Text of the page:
School board member Tom Rose talks about his work as a veterinarian

Saturday, September 15, 2007 | 3:00 p.m. CDT; updated 7:28 a.m. CDT, Friday, July 18, 2008
Tom Rose.

COLUMBIA — Tom Rose, owner of Rolling Hills Veterinary Clinic and a public schools mentor, chats about interesting odors, intrusive e-mail and his latest volunteer opportunity — the Columbia Board of Education.

Which are easier to deal with, pets or humans?

More about Rose

Five things people don’t know about Tom:

1. I only answer e-mail at home. 2. I saw the Rolling Stones in sold-out concert at Faurot Field in the ’80s. 3. I feel like if I have an open time slot, then I should have something to do. 4. Our pet cat, Nikki, shares the same name as our daughter (Nicole), but our daughter likes it. 5. I like eating. I don’t eat gourmet; I eat volume.

A Rosy Resume

Newman Center First Chance for Children board Community Nursery School board, treasurer Chamber of Commerce board, past Education Committee chair Metro Rotary board Columbia Public Schools in-school and Stand By Me mentor Active Partners In Education participant, Rotary and business Board of Health, current chair

Definitely pets. Most of the time, the most difficult part of my job is dealing with the owners.

(As a vet), you understand what you need to do for the animal, but sometimes it’s hard to explain that to the owners.

Most memorable moment at vet school?

I’ll always remember anatomy labs and always smelling of formaldehyde.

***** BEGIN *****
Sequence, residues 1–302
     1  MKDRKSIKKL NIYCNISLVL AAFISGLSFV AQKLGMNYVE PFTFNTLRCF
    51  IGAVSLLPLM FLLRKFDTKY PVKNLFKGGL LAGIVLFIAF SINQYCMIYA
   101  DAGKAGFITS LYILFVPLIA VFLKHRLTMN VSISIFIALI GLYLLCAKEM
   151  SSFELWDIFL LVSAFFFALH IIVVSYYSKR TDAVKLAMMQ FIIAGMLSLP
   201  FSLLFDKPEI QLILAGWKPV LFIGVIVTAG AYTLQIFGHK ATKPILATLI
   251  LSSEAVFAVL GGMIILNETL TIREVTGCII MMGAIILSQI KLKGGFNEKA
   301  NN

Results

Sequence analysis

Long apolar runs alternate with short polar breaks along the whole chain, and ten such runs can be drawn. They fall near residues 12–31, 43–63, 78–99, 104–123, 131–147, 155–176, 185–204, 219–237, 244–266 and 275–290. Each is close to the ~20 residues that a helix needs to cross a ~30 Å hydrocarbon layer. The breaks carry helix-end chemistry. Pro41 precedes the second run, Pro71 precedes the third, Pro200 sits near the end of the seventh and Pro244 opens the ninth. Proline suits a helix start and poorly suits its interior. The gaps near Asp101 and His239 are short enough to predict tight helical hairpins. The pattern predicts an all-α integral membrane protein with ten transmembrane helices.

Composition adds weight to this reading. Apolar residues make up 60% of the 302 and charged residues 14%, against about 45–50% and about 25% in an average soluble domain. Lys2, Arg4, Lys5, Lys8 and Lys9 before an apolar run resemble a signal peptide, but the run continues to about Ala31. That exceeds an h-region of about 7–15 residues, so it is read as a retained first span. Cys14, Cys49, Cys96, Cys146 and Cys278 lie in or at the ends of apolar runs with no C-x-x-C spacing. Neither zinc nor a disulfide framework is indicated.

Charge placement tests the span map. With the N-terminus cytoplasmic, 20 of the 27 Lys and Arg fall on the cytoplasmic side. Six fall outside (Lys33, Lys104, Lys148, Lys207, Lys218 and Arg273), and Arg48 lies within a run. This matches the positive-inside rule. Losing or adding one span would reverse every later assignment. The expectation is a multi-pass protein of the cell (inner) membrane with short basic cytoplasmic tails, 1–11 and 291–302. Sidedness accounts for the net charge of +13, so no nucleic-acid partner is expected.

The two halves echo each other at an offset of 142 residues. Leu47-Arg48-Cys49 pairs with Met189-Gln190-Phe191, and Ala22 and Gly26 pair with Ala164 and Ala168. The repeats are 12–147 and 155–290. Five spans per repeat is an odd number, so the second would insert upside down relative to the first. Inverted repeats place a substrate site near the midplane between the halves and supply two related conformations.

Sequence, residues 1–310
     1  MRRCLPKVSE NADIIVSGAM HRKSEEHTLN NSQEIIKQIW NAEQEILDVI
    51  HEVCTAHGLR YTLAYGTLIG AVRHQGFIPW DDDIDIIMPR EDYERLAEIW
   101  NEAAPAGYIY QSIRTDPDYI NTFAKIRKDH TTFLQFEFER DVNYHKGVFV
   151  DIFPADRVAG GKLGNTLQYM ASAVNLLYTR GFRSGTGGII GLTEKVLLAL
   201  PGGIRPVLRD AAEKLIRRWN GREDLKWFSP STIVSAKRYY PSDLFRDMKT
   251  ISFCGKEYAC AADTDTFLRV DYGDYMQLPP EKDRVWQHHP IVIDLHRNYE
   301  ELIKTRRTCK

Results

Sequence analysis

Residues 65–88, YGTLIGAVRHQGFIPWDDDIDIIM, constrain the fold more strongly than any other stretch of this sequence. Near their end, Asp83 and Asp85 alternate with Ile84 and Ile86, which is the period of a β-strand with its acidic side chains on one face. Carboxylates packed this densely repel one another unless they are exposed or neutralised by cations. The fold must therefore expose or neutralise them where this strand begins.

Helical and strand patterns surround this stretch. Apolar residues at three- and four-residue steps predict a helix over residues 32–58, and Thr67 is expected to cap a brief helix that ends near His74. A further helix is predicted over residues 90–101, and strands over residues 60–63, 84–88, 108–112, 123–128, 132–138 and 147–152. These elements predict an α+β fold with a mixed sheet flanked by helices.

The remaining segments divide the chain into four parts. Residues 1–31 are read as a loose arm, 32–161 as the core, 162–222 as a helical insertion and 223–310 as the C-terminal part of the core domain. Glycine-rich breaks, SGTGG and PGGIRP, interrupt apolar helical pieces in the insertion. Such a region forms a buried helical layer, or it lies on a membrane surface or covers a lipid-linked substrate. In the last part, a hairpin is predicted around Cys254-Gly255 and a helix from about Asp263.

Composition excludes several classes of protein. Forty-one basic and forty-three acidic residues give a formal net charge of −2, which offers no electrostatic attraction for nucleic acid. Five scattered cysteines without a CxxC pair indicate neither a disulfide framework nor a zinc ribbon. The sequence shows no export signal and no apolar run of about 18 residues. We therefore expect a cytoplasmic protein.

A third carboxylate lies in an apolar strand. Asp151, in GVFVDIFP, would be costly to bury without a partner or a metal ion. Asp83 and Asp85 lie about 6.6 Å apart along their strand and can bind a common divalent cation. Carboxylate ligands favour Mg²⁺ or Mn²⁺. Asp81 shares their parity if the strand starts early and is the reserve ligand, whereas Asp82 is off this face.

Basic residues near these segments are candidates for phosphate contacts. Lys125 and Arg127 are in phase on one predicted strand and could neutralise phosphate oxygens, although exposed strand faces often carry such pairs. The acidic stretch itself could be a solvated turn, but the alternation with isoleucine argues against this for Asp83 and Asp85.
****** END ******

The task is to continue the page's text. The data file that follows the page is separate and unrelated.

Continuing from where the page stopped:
What is the most bizarre thing that’s happened at your animal hospital?

You get accustomed to dogs barking and howling incessantly. Then there are the odd things that dogs will eat. Animals also have amazing healing powers, even without our help. We don’t have to worry about humans chewing out their sutures after surgery, though. Things people think are bizarre are just part of the everyday for me.

Describe what it’s like to help a family let go of a pet at the end of its life.

You try to help them understand that they’ve had to make decisions for this animal in the course of its life, and this is the hardest decision they’ve had to make.

How has Mizzou changed since you graduated in 1988?

Certainly it’s more expansive; the buildings, new housing, more technology and research. Now, students can get through college without stepping a foot inside Jesse Hall.

What have you learned living in a house with four females (his wife and their three daughters)?

How to get along. People used to ask me, ‘Do you miss not having a son?’ I feel very fulfilled. This is an interesting challenge.

What is the best advice you’ve given to your daughters?

We are a very faith-oriented family. I always try to tell them to be wise with your time. You can’t make everybody happy. I keep finding that out.

Describe your perfect day.

A perfect day in the office would mean that nothing unexpected goes wrong, no one gets hurt ... and that I’m home by 7 p.m. In a perfect day outside the office, the weather would be perfect and I could do anything I wanted to do.

Favorite spots in Columbia?

I like eating at various places. I don’t eat gourmet; I eat volume. My family and I like the theater, plays and shows, whether in Columbia at Jesse Hall or downtown, or to Kansas City and St. Louis.

Favorite thing to do?

I run. I try to do it when I can. Two of my daughters are in cross-country; personally, I do shorter distances.

Any pets?

One cat, Nikki. We got her 12 years ago, and she’s still going strong. The reason we only have one is because she doesn’t like other animals. She and my daughter have the same name, but our daughter likes it.

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